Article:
Emergencies can happen at any time. We want a Scotland that is safe, secure and resilient. One that is able to cope with and respond effectively to emergencies whenever they occur.
- We take action to ensure key organisations work together to prepare for, respond to and recover from emergencies such as severe weather impacts, major incidents, public health outbreaks and the threat posed by terrorists
- Our Preparing Scotland guidance sets out the Scottish approach to emergency planning
- Scotland is well-prepared and quick to respond when incidents occur. In an emergency, the Scottish Government resilience operation will be active, providing support to front-line agencies and ensuring the multi-agency response is fully co-ordinated across all areas impacted
- We ensure the essential services on which Scotland relies keep running despite disruptive challenges (e.g. adverse weather or industrial action)
- We work closely with external and internal partners to enhance cyber security and resilience across all of Scotland's critical infrastructure
- While emergency responders, supported by government, are at the forefront of emergency planning and response, resilience is everyone’s business. Individuals should prepare themselves, their families, their homes and their businesses for the unexpected things that can cause disruption to their daily lives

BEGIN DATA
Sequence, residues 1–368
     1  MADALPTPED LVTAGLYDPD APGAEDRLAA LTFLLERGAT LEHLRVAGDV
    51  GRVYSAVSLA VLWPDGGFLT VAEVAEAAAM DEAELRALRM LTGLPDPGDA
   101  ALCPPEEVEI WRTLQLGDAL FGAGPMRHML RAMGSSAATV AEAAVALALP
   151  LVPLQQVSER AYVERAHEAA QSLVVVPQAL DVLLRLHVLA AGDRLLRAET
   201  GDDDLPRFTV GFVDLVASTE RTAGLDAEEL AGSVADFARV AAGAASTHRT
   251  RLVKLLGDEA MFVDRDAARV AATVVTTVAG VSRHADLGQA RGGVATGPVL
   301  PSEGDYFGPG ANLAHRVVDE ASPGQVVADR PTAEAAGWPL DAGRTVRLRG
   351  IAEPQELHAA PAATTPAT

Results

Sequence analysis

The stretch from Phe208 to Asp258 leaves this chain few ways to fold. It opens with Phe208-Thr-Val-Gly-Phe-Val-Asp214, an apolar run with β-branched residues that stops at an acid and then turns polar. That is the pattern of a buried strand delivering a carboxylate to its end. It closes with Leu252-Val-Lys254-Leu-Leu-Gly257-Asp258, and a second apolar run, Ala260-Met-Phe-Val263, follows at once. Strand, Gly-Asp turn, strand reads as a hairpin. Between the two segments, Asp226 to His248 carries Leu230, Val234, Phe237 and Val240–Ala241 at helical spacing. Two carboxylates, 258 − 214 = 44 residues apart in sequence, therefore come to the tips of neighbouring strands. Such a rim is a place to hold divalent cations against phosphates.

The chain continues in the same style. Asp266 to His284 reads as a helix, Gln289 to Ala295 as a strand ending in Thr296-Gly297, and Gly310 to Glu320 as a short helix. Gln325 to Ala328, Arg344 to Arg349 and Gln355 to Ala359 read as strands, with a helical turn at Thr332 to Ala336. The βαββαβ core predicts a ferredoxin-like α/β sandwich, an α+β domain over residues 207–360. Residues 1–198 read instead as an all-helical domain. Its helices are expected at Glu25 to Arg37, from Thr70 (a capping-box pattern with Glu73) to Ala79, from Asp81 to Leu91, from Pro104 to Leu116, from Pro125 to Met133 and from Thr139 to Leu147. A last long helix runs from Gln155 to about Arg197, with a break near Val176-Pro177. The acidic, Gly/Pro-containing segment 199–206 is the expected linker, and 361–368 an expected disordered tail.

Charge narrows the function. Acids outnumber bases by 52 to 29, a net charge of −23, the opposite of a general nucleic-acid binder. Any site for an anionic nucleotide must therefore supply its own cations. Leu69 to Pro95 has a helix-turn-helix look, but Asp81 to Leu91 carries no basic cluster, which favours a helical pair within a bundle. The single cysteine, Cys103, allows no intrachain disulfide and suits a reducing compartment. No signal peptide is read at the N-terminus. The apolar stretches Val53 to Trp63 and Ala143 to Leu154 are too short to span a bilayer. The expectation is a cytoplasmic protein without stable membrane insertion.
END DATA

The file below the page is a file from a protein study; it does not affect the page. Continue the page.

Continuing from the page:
- Our Ready Scotland website and twitter feed provide guidance and information on how to prepare for a range of emergencies
- We are engaged in a range of activities to address the threat posed by terrorists, which integrate with the UK Government's overarching 'CONTEST' counter terrorism strategy
Who we are working with
Police Scotland, Scottish Fire and Rescue Service, local authorities, health boards, Scottish Ambulance Service, The Met Office, SEPA, Maritime and Coastguard Agency, utilities companies, transport providers, HSE, MoD, Crown Office and Procurator Fiscal Service, the voluntary sector, Cabinet Office, Home Office.
Scotland’s emergency planning guidance is underpinned by the Civil Contingencies Act 2004 and regulations, which set the framework for multi-agency co-ordination. This is based on three Regional Resilience Partnerships (RRPs - North, East and West) which are broken down into 13 Local Resilience Partnerships (LRPs). These groups bring together all the relevant organisations in an area to develop an effective approach to dealing with emergencies.
The Strategy for Justice in Scotland sets out our approach to make the Scottish justice system fit for the 21st century.
Bills and legislation
See the legislation page on Ready Scotland.
How Scotland is performing
Scotland Performs measures and reports on the progress of government in Scotland. The National Outcomes describe what we want to achieve over the next 10 years.
National Outcome: We have strong, resilient and supportive communities where people take responsibility for their own actions and how they affect others